Summertime Part 2 – The Future Is Rosé (Provence Vs Languedoc)

With Summer in full swing, what better way to celebrate than with a chilled glass of something pink. Rosé is very much on trend at the moment, in fact, us blokes seem to be quaffing back more than the girls!  So, with a plethora of choices on the shelf which ones should you pick?

M de Minuty Rosé 2016 Côtes de Provence – Grenache, Cinsault, Tibouren – Majestic £12.99

Overlooking the Med, on the Saint Tropez Peninsula, Chateau de Minuty produces Rosé in a classic Provence Style, Pale Salmon Pink, delicate on the nose with gentle notes of strawberry and citrus fruits. On the Palate, it’s a fresh burst of acidity that gives this wine a beautiful lively feel. Notes of candied fruit and citrus continue to give a wonderful and unusual length to the finish. The added inclusion of the relatively unknown Tibouren grape, almost exclusively Provencal, makes this an ideal choice for pairing with salads, fish and BBQ’s alike.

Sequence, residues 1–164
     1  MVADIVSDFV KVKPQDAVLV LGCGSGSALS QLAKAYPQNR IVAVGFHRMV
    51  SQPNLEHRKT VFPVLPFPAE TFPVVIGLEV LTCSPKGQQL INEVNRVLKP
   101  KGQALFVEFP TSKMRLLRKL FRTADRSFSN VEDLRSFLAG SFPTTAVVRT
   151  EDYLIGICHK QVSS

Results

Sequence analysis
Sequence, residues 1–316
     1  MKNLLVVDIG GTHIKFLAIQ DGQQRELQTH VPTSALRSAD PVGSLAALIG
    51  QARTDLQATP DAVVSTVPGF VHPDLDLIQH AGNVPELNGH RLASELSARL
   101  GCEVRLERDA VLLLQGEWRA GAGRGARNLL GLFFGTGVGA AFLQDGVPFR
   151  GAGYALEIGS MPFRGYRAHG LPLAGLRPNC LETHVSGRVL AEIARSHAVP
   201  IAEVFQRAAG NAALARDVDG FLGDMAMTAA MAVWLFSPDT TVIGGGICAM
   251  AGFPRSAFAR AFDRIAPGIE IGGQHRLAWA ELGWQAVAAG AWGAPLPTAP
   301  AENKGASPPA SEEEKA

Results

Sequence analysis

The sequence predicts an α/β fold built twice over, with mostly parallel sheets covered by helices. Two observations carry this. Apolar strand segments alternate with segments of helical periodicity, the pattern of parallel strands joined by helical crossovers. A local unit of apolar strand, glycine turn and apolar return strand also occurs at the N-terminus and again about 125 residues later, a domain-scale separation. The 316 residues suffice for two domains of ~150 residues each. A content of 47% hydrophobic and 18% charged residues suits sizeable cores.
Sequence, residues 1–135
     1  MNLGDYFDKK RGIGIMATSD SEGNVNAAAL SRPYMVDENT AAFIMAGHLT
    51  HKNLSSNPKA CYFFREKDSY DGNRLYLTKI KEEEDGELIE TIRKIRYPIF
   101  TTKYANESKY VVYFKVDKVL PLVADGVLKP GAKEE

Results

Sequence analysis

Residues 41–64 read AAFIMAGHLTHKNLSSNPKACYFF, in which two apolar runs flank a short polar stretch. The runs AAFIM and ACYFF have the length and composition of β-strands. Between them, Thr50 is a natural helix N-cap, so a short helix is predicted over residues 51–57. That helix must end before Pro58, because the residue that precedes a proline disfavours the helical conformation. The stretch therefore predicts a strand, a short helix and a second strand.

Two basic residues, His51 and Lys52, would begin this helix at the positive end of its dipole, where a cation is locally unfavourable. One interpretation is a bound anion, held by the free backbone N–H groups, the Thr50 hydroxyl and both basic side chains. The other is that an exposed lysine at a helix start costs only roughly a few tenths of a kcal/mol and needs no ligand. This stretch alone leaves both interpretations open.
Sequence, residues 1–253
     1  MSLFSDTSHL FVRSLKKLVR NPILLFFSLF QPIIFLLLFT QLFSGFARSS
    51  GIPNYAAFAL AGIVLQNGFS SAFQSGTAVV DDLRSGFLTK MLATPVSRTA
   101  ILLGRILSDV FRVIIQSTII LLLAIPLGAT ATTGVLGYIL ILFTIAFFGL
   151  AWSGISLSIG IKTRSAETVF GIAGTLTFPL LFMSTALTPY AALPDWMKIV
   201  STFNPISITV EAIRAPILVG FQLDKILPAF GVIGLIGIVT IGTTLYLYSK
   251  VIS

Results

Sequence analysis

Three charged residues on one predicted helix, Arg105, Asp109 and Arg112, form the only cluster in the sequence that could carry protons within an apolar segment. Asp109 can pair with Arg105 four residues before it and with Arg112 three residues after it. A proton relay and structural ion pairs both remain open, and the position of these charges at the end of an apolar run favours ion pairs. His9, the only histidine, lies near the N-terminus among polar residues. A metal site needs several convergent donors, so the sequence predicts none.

Whispering Angel 2016 Côtes de Provence – Caves D’Esclans – Sacha Lichine – Grenache, Cinsault, Vermentino – Amazon £16.99

Prime sites in and around the La Motte area of Provence, really give this wine and interesting character. Pale coral in colour, and with a nose of citrus, candied fruit, with a delicate floral edge. On the palate it’s got body, although dry there is a wonderful focussed acidity, delivering notes of grapefruit, red fruit and citrus finishing with a streak of silky minerality. Defiantly up there with the more complex of Rosé and pairing fantastically with grilled fish or seafood. Certainly, one to raise an eyebrow this summer.

Mas Sibert – Saramon – Vin De France – Sangiovese, Syrah –  Grape Opportunities £11.25

The first of the Languedoc Rosé’s – This offering from Garrigiste producer Mas Sibert, is a real star, using the unusual blend of Sangiovese and Syrah, this is an altogether different wine from the Pale Provence style. A beautiful blood Rosé, colour and a bouquet of cherry, white flowers and red fruits, this wine delivers freshness and complexity. On the palate, it’s wonderfully structured and bursting with red fruit, fresh strawberries and cherry. There is both balance and body to this, and it pairs perfectly with Pizza and salad, or even just on its own…